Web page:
A Perfect Evening: A Date With My Daughter

My probably-gay ex-boyfriend did little for me except to really break my heart back in 1996, but he did turn me on to Toad the Wet Sprocket and for that, he’s not on my list of people I’d wish impotent the rest of their natural lives. My love of Toad continues despite the deep dislike of the old boyfriend.

My daughter Carlene serendipitously found out that Toad’s lead singer Glen Phillips, an awesome songwriter and solo performer, was going to be in Pittsburgh on Monday and asked if I wanted to go. As an early birthday gift to her, I bought us tickets and we headed to Club Café on the South Side.

Club Café is an intimate little club with a small stage, perfect for acoustic performers. We stood at the end of the bar near the front door because all the seats were taken by the time we arrived. We scoped the crowd of mostly 30-year-olds and older; Carlene was probably the youngest one there at almost 24. The bartender, who looked like Cameron Diaz, poured us some chardonnay. We ordered a couple of salads and some artichoke dip and realized this was our first time in a club together. Mother-daughter bonding time in a bar was long overdue.

There was a tall bearded guy sitting behind the bouncers and paying attention to a laptop. In front of the computer were a stack of Glen Phillips CDs for sale along with CDs by a guy named Craig Cardiff. I turned back to the bar and took a sip of wine when I spied Glen out of the corner of my eye walking toward the tall bearded guy behind me. The two of them chatted for a minute and the tall bearded guy walked away.

I’d brought along my copy of one of Glen’s solo albums, “Abulum,” and with a glass of wine in me, I asked him if I could “bother him for an autograph.” I, of course, babbled on like a typical enamored fan about how I loved his music and brought up my children listening to it, blah, blah, blah, all the while telling myself in my head to shut up, but I didn’t, and still he was gracious and signed the liner notes and thanked me. I’m such a putz sometimes.

A few minutes later, the tall bearded man walked on to the stage with a guitar strapped to his back. ‘Ah, he’s not Glen’s lighting guy,’ I realized. He was, in fact, Craig Cardiff, and my love affair with the tall bearded man’s music began. Love him. Got his autograph, too, and actually talked to him as the real me and not the silly blithering idiot that came out when I was talking to Glen. Check out his website for snippets of his music. If you like early Counting Crows stuff, you’ll like Craig Cardiff. That’s my best comparison.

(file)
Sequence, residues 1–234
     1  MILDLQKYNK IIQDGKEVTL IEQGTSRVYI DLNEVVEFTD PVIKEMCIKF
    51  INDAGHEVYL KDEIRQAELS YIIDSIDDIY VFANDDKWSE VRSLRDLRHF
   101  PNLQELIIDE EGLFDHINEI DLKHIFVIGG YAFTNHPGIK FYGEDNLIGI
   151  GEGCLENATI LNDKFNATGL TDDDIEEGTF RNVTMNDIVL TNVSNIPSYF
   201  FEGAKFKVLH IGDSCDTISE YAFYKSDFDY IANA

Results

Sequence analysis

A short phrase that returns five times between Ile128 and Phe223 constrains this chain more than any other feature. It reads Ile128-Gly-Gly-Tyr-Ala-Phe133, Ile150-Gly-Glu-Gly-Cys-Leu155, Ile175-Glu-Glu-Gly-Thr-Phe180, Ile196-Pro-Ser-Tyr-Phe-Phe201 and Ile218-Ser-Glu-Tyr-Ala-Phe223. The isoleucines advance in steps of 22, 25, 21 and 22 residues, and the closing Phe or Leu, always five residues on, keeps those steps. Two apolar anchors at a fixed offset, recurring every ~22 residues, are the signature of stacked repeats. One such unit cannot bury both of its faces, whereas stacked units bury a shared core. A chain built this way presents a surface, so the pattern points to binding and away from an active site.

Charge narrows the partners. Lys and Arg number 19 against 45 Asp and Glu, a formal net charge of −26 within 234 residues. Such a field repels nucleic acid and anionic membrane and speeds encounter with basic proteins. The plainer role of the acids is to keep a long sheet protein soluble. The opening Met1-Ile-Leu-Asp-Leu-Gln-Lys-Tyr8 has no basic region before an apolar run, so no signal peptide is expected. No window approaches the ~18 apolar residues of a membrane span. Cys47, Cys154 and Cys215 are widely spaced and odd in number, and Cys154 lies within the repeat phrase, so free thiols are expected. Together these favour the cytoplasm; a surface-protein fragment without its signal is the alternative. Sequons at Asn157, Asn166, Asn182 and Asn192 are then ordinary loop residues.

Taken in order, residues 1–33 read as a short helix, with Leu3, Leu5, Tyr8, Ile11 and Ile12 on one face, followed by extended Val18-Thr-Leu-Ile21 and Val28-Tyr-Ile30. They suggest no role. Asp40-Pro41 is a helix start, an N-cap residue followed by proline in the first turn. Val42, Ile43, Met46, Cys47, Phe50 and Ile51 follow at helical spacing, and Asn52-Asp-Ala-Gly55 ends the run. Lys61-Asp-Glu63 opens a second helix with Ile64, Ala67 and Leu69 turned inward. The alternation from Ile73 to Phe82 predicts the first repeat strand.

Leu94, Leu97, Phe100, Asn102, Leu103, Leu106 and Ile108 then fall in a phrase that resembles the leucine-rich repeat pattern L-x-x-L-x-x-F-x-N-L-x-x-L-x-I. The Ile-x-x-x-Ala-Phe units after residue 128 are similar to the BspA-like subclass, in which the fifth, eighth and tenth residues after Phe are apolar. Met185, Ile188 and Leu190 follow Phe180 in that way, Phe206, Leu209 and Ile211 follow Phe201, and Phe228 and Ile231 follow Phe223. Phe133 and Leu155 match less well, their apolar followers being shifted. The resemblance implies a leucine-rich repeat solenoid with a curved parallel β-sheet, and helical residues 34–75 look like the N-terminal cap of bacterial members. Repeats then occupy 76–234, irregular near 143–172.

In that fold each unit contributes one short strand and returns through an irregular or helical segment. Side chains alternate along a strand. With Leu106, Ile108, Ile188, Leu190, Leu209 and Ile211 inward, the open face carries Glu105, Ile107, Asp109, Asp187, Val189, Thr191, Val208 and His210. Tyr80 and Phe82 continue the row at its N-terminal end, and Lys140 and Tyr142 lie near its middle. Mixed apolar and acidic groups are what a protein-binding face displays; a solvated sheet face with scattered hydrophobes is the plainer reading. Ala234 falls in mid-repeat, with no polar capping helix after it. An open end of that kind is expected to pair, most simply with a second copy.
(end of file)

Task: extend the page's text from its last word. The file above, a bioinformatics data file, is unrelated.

Glen and his guitar were excellent and he has an intimate rapport with the audience. When he asked if anyone had listened to last week’s “Wait, Wait, Don’t Tell Me!,” I, of course, clapped and yelled “Yes! Woohoo!”, the only person in the club to do so. Hey, I’m a huge “Wait, Wait…” junkie and my dream is to one day win Carl Kasell’s voice on my answering machine. It’s not every day I’m in a bar and someone brings up my favorite NPR show, you know? Even though this was a slightly embarrassing moment, this seemed to please Glen and probably made up for my blithering idiocy earlier, so I felt balanced once again.

But it was the music that made me happiest. He sang some solo stuff and a few Toad songs and for an hour or so I was immersed in the familiar voice of my past and not once did I associate it with the ex boyfriend. Major victory for Lynn.

Carlene linked her arm with mine for the last few songs and we sang with the crowd. This was her growing up music. This was the perfect concert for mother-daughter bar bonding. Classy, yet comfortably fun.

Carlymom Here’s one of our infamous self-portraits, the kind we’ve taken since she was a little girl. It think you can see it in our eyes: it was a good night.

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